Speaking of women empowerment, a woman who could easily be called a role model for many women around the world is surely Esther Afua Ocloo, also known as Auntie Ocloo.
Google Doodle has decided to feature a doodle in honor of Esther Afua Ocloo. April 18, 2017 is the date which signifies what would be Esther’s 98th birthday, if she were alive.
Why is Auntie Ocloo so important for the world to know?
Back in the 1930s, Esther Afua Ocloo started her entrepreneurial career as a teenager with less than a dollar she got as a gift. With the money she had, she bought firewood, sugar, oranges, and used jam jars to make 12 jars of marmalade, which she sold for profit.
From there, her entrepreneurial career started growing to such an extent that she became one of Ghana’s leading entrepreneurs and one of the women who played a great role in women’s economic development.
But the way up was not easy for Esther. Besides the ridicule she received from her classmates, the effort she had to put in the making of the marmalade was not an easy task. She put the profits she made back into the business and eventually, success was on her side.
She later won a contract to entirely supply her old high school with marmalade and was also asked to start making orange juice from the orange trees that grew on school grounds.
Six years later, she managed to get a contract to supply juice to the military. However, she lacked the funds to create such amounts of juice and even though she had no collateral, she managed to persuade a bank to give her a loan on the basis of the contract.
The result of this contract was her company, Nkulenu Industries.
With the money she made, she went on to study food technology, preservation, nutrition and agriculture in Bristol University, Long Ashton Research Station, UK. There she also learned leather work and lampshade-making and she brought her knowledge back to Ghana with hopes to empower the rural women there.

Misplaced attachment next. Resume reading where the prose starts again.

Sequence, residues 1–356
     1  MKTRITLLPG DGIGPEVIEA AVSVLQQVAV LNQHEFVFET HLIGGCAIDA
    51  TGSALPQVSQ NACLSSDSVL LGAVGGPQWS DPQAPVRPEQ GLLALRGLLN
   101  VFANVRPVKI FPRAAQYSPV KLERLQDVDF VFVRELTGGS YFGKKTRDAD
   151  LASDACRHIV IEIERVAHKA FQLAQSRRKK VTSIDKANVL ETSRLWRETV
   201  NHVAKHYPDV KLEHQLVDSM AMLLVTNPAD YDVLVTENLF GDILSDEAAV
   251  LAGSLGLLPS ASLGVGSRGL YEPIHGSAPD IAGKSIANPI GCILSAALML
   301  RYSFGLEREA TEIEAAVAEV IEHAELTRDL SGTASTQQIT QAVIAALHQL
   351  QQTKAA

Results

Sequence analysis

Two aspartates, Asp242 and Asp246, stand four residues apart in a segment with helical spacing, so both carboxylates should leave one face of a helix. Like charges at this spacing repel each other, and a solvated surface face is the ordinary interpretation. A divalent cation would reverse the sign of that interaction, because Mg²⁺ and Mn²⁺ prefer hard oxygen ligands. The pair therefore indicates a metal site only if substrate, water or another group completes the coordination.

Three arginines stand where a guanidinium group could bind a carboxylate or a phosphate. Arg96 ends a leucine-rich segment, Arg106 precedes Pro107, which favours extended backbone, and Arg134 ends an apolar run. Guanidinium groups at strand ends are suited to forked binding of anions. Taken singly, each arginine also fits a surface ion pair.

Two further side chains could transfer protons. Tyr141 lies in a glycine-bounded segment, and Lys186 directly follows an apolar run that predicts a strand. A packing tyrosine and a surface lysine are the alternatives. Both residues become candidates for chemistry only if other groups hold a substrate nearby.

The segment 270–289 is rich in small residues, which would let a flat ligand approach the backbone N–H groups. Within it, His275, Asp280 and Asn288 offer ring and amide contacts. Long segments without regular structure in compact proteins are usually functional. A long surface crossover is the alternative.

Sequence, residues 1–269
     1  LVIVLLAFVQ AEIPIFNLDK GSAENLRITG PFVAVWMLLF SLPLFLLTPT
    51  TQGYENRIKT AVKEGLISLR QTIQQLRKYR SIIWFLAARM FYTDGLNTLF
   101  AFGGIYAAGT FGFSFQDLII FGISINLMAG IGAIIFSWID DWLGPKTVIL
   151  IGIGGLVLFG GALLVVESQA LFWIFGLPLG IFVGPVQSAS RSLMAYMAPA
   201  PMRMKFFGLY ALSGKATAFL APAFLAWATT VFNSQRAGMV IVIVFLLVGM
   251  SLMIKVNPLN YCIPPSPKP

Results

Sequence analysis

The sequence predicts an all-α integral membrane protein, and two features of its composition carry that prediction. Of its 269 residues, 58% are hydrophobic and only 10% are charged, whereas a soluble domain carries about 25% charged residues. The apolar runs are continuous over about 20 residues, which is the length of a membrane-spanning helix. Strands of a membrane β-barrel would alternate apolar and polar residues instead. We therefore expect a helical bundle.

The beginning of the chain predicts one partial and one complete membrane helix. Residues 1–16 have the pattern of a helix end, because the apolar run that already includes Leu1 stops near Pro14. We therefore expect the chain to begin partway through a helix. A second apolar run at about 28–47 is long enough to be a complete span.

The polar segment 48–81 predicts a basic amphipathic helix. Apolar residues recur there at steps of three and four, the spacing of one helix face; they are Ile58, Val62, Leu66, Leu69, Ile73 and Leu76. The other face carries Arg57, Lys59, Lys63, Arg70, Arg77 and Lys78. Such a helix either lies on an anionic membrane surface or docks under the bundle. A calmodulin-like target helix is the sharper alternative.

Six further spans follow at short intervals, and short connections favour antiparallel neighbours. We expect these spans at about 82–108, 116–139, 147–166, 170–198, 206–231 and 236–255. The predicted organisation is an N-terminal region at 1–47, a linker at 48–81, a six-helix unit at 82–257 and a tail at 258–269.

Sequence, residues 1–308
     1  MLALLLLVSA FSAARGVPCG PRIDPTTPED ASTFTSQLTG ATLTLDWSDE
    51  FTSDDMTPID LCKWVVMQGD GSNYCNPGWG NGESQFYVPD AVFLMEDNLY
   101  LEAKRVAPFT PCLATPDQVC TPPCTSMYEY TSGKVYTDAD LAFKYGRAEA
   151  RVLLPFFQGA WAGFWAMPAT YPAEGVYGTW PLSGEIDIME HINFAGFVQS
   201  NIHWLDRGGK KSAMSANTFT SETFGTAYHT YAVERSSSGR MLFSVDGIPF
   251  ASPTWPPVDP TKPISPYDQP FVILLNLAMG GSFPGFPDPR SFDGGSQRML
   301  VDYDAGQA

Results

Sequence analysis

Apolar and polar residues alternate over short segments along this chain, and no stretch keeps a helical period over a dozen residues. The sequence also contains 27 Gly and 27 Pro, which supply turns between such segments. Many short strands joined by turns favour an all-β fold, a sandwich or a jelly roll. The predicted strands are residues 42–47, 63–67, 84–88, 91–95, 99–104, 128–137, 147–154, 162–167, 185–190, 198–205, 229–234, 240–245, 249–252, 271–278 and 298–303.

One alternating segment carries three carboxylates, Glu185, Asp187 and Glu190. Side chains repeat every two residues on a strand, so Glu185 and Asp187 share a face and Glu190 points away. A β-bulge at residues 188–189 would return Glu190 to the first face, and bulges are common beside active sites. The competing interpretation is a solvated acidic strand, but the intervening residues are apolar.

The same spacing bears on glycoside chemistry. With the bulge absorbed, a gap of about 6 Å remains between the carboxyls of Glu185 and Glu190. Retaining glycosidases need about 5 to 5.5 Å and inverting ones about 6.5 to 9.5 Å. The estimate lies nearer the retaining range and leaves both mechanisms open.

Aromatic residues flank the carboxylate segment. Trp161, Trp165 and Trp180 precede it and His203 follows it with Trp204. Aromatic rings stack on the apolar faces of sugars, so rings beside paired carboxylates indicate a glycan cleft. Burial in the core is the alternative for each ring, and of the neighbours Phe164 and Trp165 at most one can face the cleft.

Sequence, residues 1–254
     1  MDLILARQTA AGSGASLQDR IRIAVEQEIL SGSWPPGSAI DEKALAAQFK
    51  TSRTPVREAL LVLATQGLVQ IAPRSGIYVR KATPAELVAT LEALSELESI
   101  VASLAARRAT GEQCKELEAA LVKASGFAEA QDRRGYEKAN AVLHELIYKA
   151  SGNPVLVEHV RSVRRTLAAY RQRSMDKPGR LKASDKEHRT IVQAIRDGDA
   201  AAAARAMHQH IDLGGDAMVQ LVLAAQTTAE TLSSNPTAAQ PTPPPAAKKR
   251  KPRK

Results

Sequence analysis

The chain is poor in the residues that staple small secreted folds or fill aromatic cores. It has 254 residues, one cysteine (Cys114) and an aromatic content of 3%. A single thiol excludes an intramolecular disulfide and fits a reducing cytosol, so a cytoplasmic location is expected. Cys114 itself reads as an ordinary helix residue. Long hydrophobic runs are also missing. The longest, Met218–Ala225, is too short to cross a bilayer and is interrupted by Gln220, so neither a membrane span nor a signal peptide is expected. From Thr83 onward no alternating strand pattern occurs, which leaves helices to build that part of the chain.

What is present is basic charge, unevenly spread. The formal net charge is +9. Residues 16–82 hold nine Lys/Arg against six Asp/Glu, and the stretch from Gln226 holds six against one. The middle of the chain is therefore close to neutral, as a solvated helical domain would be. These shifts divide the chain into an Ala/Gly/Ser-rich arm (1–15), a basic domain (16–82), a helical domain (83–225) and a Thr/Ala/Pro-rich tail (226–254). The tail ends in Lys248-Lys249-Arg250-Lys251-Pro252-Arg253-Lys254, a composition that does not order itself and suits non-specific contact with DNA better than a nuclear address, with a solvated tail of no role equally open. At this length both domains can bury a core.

She wanted to empower women.
Besides running her own company, Esther Afua Ocloo started a program on a farm which was designed to train women in agriculture, preparing and preserving food products, and making handicrafts.
She believed that every woman should be able to take care of their financial needs as much as they could and she was doing everything to make this idea a reality for many women.
In fact, she tried to teach these women everything she knew about starting and running a business. Her impact was so big that in 1975 she was invited to the first U.N. Conference on Women.
Her wish to empower women was so great that, knowing from her own experience with bank loans, she helped found and became Chairwoman of the Board of Directors of Women’s World Banking in 1979.
The purpose of the global non-profit Women’s World Banking has since been to empower low-income women by providing them funds to start their own micro businesses.
Auntie Ocloo was happy to know that women thrived
Even if this meant that the same women she taught and trained wanted to compete against her, Esther’s reply to this idea was that her goal was to help her fellow women. She believed that if they made better marmalade than her, she deserved the competition.
Esther Afua Ocloo died on February 8, 2002 in Accra, Ghana – where she started her inspiring journey. She died at the age of 83.
Today, Google Doodle honors her what-was-to-be 98th birthday with an illustration which shows her helping out fellow women by teaching them the crafts and skills they needed to become financially independent.
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A professional writer with over a decade of incessant writing skills. Her topics of interest and expertise range from health, nutrition and psychology.